Many have asked about the political aspect of the event. The venue indeed had an interesting political vibe, in which the post socialist world brought values slowly emerging in the traditional western world. In fact, the collaborative and social aspect of the eastern philosophy was well discussed, in a modern and positive manner. I believe that the eastern society and its social philosophy becomes relevant in our modern era and pushes toward a better future. Overall, from the perspective of a participant, political messages were clearly not the priority. To me and to those with who I managed to get acquainted with during this festival such event gives a much bigger value and has a deeper meaning, and this value I am eager to share with you.

We – are building the future. We have the mutual responsibility to solve the unsolvable and whether one likes to face it or not, but our generation is given neither chance nor time to postpone global problems. It is not only one country’s problem to clear out the seacoast from excessive waste, it is a common task to find better sustainable energy resources, it is your obligation to not throw trash on the street. We are future leaders and foremost people. The future of politics, economics, social justice, sport depends on us and our fellow earthlings. Earlier we forget about greed, hate, differences, wars and concentrate on fighting injustice, hunger, environmental issues and intolerance, sooner the world become the peaceful and safe place to be. And what do all the people on the planet want? Peace, safety and happiness.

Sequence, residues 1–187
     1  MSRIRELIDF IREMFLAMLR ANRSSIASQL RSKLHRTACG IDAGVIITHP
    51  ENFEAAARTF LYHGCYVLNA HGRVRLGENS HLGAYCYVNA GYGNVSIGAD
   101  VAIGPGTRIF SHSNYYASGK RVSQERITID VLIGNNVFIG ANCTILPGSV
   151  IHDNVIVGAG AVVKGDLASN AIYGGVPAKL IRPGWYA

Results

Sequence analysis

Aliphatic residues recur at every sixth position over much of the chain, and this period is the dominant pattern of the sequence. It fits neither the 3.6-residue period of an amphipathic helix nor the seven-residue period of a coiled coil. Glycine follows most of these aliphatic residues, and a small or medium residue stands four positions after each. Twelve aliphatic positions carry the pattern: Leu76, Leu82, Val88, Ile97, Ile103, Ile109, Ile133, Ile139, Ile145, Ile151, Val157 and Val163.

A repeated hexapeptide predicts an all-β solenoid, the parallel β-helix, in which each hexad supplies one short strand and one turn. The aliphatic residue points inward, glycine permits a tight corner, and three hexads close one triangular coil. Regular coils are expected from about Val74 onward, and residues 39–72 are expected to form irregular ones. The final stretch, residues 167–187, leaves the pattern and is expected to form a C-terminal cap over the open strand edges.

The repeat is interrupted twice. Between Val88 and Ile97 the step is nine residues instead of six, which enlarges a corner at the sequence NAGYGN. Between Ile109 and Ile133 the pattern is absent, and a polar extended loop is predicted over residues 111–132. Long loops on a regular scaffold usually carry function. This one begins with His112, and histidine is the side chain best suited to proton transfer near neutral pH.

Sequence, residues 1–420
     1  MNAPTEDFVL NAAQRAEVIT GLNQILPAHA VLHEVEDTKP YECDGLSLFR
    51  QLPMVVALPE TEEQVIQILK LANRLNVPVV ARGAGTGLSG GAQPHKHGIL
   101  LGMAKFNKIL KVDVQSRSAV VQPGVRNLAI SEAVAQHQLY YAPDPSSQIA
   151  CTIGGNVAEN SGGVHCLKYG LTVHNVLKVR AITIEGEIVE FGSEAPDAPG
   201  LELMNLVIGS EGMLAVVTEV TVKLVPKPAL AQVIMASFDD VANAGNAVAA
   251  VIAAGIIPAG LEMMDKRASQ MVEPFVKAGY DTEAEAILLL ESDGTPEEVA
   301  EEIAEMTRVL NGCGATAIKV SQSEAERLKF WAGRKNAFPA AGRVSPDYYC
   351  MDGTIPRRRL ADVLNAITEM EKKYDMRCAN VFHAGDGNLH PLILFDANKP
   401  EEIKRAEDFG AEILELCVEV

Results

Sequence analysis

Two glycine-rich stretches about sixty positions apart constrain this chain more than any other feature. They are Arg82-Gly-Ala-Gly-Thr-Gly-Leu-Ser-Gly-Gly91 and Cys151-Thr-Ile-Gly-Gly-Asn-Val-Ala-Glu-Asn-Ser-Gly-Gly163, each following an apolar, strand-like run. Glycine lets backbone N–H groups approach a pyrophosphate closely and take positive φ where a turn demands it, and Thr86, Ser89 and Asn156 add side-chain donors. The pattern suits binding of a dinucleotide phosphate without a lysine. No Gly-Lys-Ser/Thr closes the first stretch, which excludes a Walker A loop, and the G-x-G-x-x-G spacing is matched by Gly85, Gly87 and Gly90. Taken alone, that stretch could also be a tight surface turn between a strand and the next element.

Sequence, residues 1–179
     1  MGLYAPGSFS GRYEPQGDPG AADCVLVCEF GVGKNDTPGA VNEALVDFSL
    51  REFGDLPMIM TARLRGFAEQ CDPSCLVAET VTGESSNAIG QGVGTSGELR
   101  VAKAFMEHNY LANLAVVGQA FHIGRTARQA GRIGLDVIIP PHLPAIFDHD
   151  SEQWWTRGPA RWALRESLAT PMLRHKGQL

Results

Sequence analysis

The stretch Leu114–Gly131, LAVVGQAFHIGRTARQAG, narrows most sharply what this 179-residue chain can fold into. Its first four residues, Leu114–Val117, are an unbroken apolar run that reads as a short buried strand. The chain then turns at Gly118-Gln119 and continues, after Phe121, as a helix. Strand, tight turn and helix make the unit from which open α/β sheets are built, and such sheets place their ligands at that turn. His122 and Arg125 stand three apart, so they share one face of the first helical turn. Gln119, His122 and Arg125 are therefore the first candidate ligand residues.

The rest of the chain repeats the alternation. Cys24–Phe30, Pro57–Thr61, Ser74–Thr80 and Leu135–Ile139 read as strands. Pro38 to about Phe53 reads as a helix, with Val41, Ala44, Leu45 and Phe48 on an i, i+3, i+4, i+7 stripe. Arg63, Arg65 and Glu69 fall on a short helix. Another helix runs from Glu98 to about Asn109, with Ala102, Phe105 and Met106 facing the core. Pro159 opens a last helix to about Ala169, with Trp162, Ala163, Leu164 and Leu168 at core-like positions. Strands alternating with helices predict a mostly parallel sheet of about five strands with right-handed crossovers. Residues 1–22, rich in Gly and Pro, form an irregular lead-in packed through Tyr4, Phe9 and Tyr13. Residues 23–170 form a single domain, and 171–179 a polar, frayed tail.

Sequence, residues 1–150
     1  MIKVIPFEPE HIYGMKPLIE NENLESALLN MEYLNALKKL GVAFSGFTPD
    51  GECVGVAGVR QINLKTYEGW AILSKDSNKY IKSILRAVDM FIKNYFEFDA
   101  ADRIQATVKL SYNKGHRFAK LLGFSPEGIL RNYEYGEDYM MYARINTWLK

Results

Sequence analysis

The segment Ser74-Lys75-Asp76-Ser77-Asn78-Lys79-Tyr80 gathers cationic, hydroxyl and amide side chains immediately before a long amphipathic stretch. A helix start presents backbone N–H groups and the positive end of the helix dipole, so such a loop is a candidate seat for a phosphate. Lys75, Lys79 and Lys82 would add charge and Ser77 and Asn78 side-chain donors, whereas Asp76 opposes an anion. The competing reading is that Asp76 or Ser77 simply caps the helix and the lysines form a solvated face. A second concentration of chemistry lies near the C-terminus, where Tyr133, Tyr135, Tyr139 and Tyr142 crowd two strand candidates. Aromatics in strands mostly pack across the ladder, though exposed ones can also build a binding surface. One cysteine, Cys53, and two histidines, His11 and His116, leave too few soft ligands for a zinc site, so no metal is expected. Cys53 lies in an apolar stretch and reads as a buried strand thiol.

Think for a second, we are all living in one big home. Despite political actions and human prejudices, people should realize that there are much more similarities than differences between nations than one thinks. Such events as WFYS give you a chance to become friends with people from the places you have never been and maybe even never heard of. You listen to their stories, see them dancing, smiling and laughing. You get an incredible amount of first-source information, as people share their experiences, thoughts and ideas, trying to find the answers to complicated questions of life.

To wrap up, just dream and dream big. Move and be active. Open your eyes and be open-minded, and eventually you will find the ways to make this world a better place.

Written By:
Irisha Krepchuk (Belarus)
BA in Business Administration

Photos by:
Iryna Krepchuk